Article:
There are too many benefits to meditation to count, to list, to be comprehensive, but learning how to live in a way in which I am present in each moment is one of my favorites. Why? Well, there are almost as many reasons as there are benefits to meditation, but one of my favorites is “Joy Bubbles.”
Joy bubbles are something fantastic from nothing special. They come from a moment of presence in which you appreciate something fantastically ordinary. Yesterday, I was brewing tea for kombucha. The color of the tea, as I dissolved the sugar, was a beautiful reddish brown with perfect clarity and a feeling of depth that made me intensely happy for that moment, and several minutes after. Certainly, brewing tea is nothing out of the ordinary, and yet it was quite special, beautiful and satisfying.
Ten minutes before, I was having a conversation on the phone. Had I decided to multi-task and mix in the sugar while having a conversation, I would not have seen the tea. Or, I would not have listened to that moment of the conversation.
Certainly we all multi-task in our lives; sometimes there is just not enough time and there are too many things to do. I do it myself, though I don’t usually enjoy it. (I’m willing to bet you don’t enjoy it, either.) My joy bubbles are the result of two benefits of my meditation practice.
One: Most things really can wait. Sometimes indefinitely. Many times, they don’t even need to be on my to-do list. Most mornings I set aside 20 minutes each morning to sit and focus on my breath or mantra. (I’m not perfect either, as much as I’d like to meditate every day, I just don’t.) On mornings with a schedule, my inner voice often sounds like this… “I still need to shower and dry my hair and pack a lunch before I walk out the door today, and I really need to throw a load of laundry in the wash, and I need to not forget to bring that paperwork with me, and wouldn’t my time be better spent doing those things, because my time is disappearing while I sit here on the floor doing nothing… ”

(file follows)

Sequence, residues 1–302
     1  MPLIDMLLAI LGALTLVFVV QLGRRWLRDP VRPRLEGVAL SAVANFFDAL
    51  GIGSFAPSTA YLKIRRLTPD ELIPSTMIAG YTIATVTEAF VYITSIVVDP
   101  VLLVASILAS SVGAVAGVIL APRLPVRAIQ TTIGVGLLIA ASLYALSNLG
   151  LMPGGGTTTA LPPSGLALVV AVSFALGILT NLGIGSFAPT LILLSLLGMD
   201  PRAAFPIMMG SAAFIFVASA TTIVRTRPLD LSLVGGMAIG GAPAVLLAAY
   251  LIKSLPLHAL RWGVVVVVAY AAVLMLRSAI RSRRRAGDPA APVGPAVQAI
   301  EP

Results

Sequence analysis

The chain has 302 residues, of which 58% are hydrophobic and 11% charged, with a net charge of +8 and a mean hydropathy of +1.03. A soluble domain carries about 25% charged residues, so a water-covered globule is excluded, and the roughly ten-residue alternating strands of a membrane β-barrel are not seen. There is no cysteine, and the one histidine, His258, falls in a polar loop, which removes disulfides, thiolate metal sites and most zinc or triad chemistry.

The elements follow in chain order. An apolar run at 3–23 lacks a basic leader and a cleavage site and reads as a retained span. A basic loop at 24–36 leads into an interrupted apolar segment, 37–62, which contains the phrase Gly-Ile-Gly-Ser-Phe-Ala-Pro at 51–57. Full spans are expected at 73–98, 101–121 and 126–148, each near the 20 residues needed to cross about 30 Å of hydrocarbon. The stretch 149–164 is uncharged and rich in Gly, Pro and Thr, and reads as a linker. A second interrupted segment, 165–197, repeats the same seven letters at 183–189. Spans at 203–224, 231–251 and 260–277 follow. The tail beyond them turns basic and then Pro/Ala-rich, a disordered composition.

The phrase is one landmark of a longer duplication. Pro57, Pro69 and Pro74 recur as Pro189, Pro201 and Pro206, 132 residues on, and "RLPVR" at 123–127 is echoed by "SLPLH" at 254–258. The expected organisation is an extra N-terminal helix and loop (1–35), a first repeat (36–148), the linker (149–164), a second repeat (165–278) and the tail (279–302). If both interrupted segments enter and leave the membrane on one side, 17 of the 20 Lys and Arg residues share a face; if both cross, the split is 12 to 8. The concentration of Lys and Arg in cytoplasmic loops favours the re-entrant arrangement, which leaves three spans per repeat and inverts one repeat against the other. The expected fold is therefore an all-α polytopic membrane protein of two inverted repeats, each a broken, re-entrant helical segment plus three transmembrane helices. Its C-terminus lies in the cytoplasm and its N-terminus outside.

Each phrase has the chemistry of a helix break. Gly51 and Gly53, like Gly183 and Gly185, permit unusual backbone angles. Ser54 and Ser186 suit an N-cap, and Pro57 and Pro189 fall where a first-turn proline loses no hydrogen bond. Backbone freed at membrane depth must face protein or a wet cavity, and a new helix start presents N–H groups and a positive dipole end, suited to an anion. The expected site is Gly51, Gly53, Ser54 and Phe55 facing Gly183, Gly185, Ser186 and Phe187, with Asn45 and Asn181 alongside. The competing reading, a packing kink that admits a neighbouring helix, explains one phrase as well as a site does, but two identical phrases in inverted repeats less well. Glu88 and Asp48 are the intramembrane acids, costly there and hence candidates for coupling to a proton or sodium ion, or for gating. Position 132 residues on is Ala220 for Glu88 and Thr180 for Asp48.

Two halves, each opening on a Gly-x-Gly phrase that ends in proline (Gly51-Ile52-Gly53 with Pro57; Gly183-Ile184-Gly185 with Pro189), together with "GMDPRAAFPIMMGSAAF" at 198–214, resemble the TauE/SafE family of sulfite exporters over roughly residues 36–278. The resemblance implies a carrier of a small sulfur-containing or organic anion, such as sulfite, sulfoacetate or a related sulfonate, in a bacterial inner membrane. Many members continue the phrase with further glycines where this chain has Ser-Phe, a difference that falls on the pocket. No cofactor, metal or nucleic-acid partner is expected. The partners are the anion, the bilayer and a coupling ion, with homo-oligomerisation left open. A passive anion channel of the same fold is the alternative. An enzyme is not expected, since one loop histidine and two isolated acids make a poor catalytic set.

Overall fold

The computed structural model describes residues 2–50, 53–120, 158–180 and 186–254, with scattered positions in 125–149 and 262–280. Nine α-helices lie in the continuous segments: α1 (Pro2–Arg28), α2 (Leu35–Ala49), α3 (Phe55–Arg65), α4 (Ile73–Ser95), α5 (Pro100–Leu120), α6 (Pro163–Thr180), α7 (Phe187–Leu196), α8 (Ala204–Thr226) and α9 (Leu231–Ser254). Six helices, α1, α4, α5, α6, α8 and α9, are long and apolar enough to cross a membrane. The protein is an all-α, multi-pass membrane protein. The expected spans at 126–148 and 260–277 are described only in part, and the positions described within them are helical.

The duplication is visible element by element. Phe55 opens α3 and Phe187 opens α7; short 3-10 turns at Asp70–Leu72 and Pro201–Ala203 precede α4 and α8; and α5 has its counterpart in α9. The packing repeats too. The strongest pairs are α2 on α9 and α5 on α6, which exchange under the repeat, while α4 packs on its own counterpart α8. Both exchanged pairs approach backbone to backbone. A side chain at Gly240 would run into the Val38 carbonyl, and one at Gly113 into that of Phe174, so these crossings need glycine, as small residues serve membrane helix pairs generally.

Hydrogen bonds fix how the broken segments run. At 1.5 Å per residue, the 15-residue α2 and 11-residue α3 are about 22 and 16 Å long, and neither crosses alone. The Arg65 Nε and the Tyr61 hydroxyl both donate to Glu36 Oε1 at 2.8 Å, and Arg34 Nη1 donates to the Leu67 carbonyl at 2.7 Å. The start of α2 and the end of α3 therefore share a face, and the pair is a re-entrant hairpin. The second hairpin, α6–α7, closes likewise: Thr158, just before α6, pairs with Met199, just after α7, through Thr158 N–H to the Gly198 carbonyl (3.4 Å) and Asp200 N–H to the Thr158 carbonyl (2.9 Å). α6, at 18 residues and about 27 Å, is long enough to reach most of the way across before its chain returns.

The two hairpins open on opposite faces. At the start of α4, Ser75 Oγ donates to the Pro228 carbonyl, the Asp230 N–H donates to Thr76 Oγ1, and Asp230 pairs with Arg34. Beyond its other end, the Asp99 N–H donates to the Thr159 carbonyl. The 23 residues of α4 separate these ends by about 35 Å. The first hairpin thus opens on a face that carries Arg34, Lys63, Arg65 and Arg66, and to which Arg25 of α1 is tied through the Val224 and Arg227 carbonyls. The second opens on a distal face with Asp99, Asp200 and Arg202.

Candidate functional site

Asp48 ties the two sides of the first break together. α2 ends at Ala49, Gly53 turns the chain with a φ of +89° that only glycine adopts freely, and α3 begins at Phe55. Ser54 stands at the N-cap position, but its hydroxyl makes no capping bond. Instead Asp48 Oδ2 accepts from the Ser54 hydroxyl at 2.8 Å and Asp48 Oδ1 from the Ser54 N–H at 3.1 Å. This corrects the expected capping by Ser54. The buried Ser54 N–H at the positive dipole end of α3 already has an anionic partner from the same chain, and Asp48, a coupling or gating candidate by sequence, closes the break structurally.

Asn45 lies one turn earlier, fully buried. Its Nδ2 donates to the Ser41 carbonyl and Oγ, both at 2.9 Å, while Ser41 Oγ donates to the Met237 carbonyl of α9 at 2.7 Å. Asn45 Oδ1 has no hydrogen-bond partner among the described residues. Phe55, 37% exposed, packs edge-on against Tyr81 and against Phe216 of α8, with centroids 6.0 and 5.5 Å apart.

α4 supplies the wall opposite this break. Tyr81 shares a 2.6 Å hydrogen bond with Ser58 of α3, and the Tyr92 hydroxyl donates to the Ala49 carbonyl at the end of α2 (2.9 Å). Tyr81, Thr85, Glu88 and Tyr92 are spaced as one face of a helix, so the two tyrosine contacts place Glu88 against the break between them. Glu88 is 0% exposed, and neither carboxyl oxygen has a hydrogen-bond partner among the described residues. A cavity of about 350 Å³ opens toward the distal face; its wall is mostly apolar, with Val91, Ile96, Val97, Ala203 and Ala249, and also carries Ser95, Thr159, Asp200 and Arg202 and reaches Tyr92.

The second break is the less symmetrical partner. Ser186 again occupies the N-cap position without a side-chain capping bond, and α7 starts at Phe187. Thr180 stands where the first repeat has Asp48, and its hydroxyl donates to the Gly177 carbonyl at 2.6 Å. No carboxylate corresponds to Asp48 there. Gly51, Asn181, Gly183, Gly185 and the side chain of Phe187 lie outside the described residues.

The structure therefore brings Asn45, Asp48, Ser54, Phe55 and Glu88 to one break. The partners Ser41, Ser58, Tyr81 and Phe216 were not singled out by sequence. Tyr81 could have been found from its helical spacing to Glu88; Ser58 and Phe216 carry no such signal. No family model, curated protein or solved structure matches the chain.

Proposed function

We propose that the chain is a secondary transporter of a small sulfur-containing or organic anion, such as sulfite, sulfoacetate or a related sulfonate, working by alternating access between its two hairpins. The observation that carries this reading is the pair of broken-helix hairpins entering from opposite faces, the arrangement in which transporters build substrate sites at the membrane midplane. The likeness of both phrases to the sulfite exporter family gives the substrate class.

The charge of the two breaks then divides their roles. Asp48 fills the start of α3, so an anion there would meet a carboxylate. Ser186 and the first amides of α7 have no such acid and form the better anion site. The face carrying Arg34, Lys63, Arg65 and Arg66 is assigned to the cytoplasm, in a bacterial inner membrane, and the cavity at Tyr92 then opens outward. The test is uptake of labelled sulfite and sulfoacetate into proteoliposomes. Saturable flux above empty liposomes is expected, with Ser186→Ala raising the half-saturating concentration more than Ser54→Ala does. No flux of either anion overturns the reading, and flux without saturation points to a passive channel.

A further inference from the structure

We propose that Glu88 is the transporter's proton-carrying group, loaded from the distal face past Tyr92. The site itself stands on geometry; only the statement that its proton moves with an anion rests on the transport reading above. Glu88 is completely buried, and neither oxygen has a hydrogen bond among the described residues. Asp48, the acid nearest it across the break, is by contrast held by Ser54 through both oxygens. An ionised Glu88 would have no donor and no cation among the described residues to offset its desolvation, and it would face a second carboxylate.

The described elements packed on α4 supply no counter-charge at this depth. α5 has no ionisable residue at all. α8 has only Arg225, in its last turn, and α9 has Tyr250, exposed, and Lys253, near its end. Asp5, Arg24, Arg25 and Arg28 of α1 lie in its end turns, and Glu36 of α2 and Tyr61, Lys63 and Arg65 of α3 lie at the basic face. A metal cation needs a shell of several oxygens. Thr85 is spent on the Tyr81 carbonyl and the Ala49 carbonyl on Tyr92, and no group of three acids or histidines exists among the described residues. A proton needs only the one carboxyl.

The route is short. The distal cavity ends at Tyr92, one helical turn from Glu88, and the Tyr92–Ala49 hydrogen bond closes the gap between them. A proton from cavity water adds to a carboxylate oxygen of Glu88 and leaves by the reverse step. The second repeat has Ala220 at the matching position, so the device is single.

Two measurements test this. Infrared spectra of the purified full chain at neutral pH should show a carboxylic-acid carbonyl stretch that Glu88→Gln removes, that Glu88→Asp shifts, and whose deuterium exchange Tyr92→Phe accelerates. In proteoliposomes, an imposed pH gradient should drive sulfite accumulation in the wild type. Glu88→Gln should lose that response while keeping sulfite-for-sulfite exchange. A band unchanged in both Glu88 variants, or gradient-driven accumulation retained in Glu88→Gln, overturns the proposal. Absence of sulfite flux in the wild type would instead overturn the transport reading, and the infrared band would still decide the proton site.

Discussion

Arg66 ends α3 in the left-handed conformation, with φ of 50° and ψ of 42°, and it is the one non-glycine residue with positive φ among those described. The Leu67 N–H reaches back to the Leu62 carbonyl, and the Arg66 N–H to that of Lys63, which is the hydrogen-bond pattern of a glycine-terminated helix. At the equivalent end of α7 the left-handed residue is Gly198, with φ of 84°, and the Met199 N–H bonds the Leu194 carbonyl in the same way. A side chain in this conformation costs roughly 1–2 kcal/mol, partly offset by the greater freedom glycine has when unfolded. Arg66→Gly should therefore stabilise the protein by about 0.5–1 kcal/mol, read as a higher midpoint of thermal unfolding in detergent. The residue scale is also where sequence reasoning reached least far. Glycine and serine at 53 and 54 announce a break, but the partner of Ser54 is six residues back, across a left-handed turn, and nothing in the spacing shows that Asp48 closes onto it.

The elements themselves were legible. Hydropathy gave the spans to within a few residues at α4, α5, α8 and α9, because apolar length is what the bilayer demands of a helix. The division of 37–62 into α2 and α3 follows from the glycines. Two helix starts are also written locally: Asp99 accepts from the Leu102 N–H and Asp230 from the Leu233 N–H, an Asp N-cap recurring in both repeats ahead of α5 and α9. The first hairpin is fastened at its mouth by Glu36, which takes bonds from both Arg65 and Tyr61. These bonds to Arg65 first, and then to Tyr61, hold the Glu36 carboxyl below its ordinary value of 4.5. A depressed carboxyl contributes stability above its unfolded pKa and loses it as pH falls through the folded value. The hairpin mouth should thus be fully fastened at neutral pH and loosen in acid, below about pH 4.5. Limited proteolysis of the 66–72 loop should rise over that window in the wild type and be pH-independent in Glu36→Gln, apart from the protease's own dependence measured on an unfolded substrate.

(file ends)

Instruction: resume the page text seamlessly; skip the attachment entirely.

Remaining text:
If you have ever meditated, then this pattern probably sounds familiar. I’ve been practicing regularly for four years. I still hear this thought pattern at least once a week. But, even though I hear it, I don’t listen to it. I don’t (usually – hey, I’ve already said I’m nowhere near perfect!) usually react to it. And in not reacting, in telling myself “Yup, maybe, but right now, I’m doing this” and returning to my breath or mantra, I’ve learned that it really all can wait. The focus I have when I finish and stand up and start going through all those tasks lets me move with more ease and efficiency than when my mind was whirring, and there is more space in less time.
When that sense of “it can wait” expands into the rest of my life, there are a lot of “shoulds” that don’t ever seem to happen. And, after a few years of this, I see that the never-happening of those “shoulds” don’t actually have an impact on my life. The “shoulds” that needed to happen, did.
And in the space where those things don’t happen, I have instead the opportunity to fully focus on whatever I am doing, and experience it fully, without the pull of the thirty-seven other things I should be doing.
Two: Take time to notice. Just to notice. In meditation practice, I notice the quality of the breath, the tension in the body, the thoughts racing through the mind. Then I breathe some, and notice the changes to the quality of the breath, the tension in the body, the thoughts passing through the mind as you sit. Then I breathe some more, and notice all those things again, and how they change. Just notice. Just observe.
And when I finish my practice, and re-enter the busy flow of “doing stuff,” I continue to notice. Noticing is part of being present. When my focus is on my monkey mind chattering away, I don’t have space to notice what is around; I am multi-tasking, doing whatever task I am doing and listening to my mental chatter. I don’t have spare faculties to notice anything. But when I stop paying attention to that chatter, (which I can do because I’ve learned that pretty much everything it says can wait, indefinitely) I have attention that I can use to notice what is immediately present.
And from that attention often springs joy bubbles. The color of tea. The generosity of an acquaintance. The ease of a deep friendship. The quality of the sunlight filtering through the trees. The sound of insects living their lives. The daily growth of a vegetable in the garden. The smell of a recent rain. Everyday things, that are such a regular part of our lives that we don’t often notice them. Everyday things, each that offer us a spontaneous moment of pure joy, if we slow down long enough to notice them, to experience what each offers with our full presence. It only takes a moment.